Angelina’s pulse quickened. Her father was in the hallway, yelling for her. With each boom of her heart, Angelina exhaled. This is not my fault.
“Cara fuckin’ mia.”
He opened the door so hard the room shook. Her father had the bow-legged lumber of a bear. When she was a little girl, he’d endeavored to teach her a few words of Italian. She’d sit on his lap and study the shapes his mouth made: il pad-ri-no, mad-re, gra-zie, cu-or-e. She wanted him to teach her all her favorite animals: le-on-e, lu-po, and or-so. The bear: the wild black whorls of his chest hair, the wiry black hair on his head, the scratchy black of his mustache and goatee. She’d playfully slap her palm against his chest and yell, or-so, or-so, or-so until he’d start snuffling and growling. He’d toss his head back and roar, and the sound rolled clear through his body into hers like a wave that caught her from below, pushing her up so high, so fast that her head rang and her stomach flipped with a delicious dizziness that made her feel terrifyingly small yet also infinite. She’d lean forward to nip and growl at his face; he’d tease her by lolling his neck side to side, always just out of reach. Then, finally, he’d give in. He’d level his face with hers and let her roar.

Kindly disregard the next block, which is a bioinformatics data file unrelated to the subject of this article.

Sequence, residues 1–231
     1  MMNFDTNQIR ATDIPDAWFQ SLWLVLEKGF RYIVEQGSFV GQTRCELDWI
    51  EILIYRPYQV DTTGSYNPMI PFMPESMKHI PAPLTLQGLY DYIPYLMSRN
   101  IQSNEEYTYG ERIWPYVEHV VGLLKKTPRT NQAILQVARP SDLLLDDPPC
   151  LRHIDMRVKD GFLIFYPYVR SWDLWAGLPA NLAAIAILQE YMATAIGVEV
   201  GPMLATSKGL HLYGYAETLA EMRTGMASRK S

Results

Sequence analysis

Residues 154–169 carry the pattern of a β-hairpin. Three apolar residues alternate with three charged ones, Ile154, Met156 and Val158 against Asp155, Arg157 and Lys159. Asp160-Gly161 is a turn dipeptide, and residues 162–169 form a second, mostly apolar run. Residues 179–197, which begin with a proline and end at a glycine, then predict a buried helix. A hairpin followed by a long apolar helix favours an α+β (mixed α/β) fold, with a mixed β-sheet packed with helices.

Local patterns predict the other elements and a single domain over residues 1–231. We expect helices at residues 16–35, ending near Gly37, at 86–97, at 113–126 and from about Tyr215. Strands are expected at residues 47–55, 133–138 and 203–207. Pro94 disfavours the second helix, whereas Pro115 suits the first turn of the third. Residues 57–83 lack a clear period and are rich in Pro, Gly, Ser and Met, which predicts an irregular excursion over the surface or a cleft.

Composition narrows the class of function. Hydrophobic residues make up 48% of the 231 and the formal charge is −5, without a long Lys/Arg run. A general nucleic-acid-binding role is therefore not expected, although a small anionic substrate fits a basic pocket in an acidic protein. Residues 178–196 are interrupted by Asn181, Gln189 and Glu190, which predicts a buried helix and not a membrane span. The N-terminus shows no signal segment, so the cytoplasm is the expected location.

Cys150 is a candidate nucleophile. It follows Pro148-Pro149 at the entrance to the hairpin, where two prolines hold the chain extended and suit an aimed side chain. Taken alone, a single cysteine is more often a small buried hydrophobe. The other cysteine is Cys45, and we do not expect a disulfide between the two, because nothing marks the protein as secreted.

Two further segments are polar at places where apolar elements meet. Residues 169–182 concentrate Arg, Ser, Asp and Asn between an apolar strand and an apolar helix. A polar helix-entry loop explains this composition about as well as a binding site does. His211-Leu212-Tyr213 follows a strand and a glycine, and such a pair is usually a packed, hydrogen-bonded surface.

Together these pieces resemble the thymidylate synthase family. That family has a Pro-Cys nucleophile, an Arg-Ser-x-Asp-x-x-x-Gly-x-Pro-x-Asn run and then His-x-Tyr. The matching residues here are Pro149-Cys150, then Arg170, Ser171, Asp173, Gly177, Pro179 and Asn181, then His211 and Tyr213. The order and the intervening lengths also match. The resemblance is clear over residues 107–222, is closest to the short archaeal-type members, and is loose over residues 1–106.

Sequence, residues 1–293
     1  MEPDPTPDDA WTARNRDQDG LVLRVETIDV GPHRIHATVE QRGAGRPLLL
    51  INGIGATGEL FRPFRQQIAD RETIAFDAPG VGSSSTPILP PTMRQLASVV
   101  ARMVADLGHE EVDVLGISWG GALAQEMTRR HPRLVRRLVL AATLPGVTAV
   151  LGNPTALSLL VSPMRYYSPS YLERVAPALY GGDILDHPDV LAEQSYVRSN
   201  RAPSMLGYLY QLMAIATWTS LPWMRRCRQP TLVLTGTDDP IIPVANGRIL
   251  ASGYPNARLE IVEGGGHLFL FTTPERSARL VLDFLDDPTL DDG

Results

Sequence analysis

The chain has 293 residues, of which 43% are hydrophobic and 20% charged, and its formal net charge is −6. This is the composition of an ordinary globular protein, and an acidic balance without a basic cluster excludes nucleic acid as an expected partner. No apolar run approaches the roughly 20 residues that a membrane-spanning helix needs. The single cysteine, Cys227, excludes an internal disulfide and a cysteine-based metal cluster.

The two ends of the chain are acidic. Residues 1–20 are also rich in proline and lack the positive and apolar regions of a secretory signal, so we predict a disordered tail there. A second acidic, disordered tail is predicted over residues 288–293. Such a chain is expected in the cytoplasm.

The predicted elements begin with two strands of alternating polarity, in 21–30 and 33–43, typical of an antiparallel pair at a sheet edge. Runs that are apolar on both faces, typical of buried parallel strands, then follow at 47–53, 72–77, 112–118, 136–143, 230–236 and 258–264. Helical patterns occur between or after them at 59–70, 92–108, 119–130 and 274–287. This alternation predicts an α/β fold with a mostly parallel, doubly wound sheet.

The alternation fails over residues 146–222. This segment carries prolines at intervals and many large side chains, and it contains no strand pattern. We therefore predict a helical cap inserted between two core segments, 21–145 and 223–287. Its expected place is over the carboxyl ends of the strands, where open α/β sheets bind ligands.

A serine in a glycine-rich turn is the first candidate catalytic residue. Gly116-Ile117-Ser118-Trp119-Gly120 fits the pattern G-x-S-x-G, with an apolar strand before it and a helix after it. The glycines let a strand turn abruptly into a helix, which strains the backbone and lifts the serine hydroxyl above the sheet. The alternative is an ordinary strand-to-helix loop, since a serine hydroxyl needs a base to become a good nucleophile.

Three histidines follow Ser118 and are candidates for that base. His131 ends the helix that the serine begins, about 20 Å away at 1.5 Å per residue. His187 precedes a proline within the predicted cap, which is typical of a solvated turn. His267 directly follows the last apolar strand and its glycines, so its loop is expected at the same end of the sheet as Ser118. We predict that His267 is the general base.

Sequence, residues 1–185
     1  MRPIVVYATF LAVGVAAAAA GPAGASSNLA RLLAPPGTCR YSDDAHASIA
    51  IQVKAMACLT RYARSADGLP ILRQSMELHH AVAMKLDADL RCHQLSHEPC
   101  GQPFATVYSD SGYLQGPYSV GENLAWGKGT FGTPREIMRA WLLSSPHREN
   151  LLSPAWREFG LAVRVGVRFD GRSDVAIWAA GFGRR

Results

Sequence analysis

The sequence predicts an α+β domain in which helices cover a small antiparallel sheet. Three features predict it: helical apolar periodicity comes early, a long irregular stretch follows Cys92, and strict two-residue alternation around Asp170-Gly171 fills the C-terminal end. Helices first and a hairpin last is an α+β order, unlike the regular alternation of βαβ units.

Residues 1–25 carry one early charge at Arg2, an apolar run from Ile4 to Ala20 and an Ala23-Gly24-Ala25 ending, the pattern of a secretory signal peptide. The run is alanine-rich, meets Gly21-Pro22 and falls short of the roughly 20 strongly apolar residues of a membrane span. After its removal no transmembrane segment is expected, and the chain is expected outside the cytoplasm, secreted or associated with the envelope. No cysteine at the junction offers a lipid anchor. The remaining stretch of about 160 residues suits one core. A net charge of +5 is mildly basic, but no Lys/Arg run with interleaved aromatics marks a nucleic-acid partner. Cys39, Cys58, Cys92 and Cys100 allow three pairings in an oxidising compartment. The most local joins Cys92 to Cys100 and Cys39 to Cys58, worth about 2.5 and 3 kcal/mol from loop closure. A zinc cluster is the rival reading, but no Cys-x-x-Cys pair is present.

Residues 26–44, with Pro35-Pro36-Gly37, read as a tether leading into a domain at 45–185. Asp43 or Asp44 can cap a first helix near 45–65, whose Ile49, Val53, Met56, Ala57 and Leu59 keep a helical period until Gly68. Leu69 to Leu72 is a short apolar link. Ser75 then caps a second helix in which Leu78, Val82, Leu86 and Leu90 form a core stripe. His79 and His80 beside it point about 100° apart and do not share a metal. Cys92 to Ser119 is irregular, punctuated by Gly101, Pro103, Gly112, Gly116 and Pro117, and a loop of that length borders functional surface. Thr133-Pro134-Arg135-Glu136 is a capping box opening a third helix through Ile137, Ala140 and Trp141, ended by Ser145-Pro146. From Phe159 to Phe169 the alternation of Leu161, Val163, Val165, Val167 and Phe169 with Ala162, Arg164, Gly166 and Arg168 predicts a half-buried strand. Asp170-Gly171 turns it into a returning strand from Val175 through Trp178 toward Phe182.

He hadn’t changed much since then, at least physically: a high forehead and a blunt jaw, deep-set cinder eyes and a lean blade of a mouth. Grey hair threaded through his mustache, bristled at his temples. His wrinkles and sun-leathered patches of skin didn’t make him look older, only sharper, like some totem carved from unyielding stone.
They caught each other eye to eye. His gaze said, Goddamn, girl, I bet that hurts. Hers said, Don’t make this harder than it has to be. Please.
From Don’t You Know I Love You by Laura Bogart. Copyright © 2020 by Laura Bogart. Excerpted with permission of Dzanc Books.